EXTRA! EXTRA! PASSINGS: Irwin Rosten Dies at 85; Documentary Filmmaker: Connections (#20)

Irwin Rosten, shown in 1977

Irwin Rosten, an award-winning documentary filmmaker perhaps best known for “The Incredible Machine,” which took PBS viewers on a revolutionary voyage inside the human body in 1975, has died. He was 85.  Rosten died May 23 at his Hollywood home after a brief illness, his family said.

He was the writer, director and producer of “The Incredible Machine,” an early National Geographic special that had “extraordinary impact,” said Nicolas Noxon, a documentarian who was Rosten’s longtime business partner.

“It was very, very popular and sort of opened people’s eyes to what could be done with a documentary,” Noxon said.”It was groundbreaking for its time.”

Medical researchers had been making inroads in taking pictures inside the human body — such as sending cameras into the digestive system or taking microphotographs of blood — but Rosten was perhaps the first “to collect all that data and put it together” for public viewing, Noxon said.  “The Incredible Machine” remained the highest-rated show in the Public Broadcasting Service’s history until 1982. It was nominated for an Academy Award, the second of two nominations that Rosten received. “The Wolf Men,” a 1969 documentary that he produced about the hunting of timber wolves in North America, also had been nominated. Rosten would go on to create such programming as “Mysteries of the Mind,” an Emmy-winning documentary for PBS about the human brain, and “Elephant,” one of many projects that featured animals.

The rising popularity of documentaries in the early 1960s “was simply a question of television catching up with the public,” Rosten told The Times in 1963 as he cited the popularity of nonfiction books and magazines.

In the 1960s, Rosten worked for David L. Wolper, a major independent producer of documentaries, and made a number of National Geographic specials. They included an early Jacques Cousteau documentary and another about the grizzly bear.

When “Grizzly” was nominated for an Emmy, Rosten’s friends and colleagues placed an ad in Variety that his family said included this disclaimer: “This space paid for by the admirers of Irwin Rosten, a modest man who cannot be trusted to blow his own horn.”

He was born in 1924 in Brooklyn to immigrants from Russia and Poland who owned a drugstore.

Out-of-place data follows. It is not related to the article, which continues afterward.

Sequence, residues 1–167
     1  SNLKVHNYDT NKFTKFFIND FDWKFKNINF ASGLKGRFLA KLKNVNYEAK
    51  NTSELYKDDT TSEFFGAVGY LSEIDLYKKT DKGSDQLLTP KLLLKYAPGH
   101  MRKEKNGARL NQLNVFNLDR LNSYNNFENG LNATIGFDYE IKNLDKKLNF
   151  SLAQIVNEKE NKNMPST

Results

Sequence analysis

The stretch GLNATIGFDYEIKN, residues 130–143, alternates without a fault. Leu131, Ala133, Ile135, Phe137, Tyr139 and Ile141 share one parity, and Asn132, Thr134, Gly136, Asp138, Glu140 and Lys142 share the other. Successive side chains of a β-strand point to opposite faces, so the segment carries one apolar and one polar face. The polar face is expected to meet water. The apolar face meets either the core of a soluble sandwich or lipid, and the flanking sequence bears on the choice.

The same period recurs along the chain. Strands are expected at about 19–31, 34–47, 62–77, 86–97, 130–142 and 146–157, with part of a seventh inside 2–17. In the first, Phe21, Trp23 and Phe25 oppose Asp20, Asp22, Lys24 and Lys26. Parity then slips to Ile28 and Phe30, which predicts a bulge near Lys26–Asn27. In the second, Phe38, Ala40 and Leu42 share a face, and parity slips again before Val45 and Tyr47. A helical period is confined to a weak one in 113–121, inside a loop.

After working for the DuMont Network in New York, Rosten moved to Los Angeles in 1954 and joined CBS affiliate KNXT. One of his highly regarded projects was “Thou Shalt Not Kill,” a 1958 documentary that examined capital punishment.

Writing in 1959, The Times’ Cecil Smith described Rosten as a “young man with magic in his pen.”

Two years later, he moved to KTLA-TV Channel 5 to become a writer-producer of documentaries and special programs. One of his final documentaries for the station was 1963’s “Split Image,” which was about Camarillo State Hospital’s patient-operated closed-circuit TV.

While working for Wolper, Rosten met Noxon, and the pair eventually jumped to MGM and set up the studio’s documentary unit. Their first venture was a 1968 documentary on Clark Gable.

As early as 1963, The Times referred to Rosten and Noxon as “one of the finest young teams of documentary makers.”

Rosten was known for mentoring others and was a terrific cook — Chinese food was a specialty, said his son, Peter, a former movie and TV producer.

The elder Rosten traveled the world in pursuit of his subjects, going to Japan to film parts of the 1970s National Geographic specials “Gold” or to Russia to record “The Volga” about the major European river.

As was often the case, Rosten returned with a story that amused him. A Soviet news agency official had proposed arm-wrestling to decide whether a Soviet or American film crew would be used on “The Volga.” Rosten’s heftier National Geographic colleague took the challenge, but the match ended in a draw. Crews from each country were used.

In addition to his son, Peter, of Darby, Mont., Rosten is survived by his wife of 23 years, Marilyn Ryan.  Services were private. © 05/29/2010 L.A. TIMES

I worked with Irwin Rosten and Nick Noxon at David L. Wolper Productions in the early ’60s. Two of the nicest and most talented men a young filmmaker could ever meet.  I was Film Librarian and had lots of daily contact with both of them.  In later years, I would occasionally run into Irwin Rosten at Writers Guild of America Film Society screenings.  I have screen credits with Irwin on Wolper’s “The Immortal Jolson,” “How to Succeed as a Gangster,” “The Funny Men Parts One and Two,” “The Angry Screen,”  “The Oscars Moments of Greatness Parts One and Two.”  He was a triple threat man serving as Writer and Producer, and occasionally Director.  I, along with many others, will surely miss Irwin Rosten.  God Bless.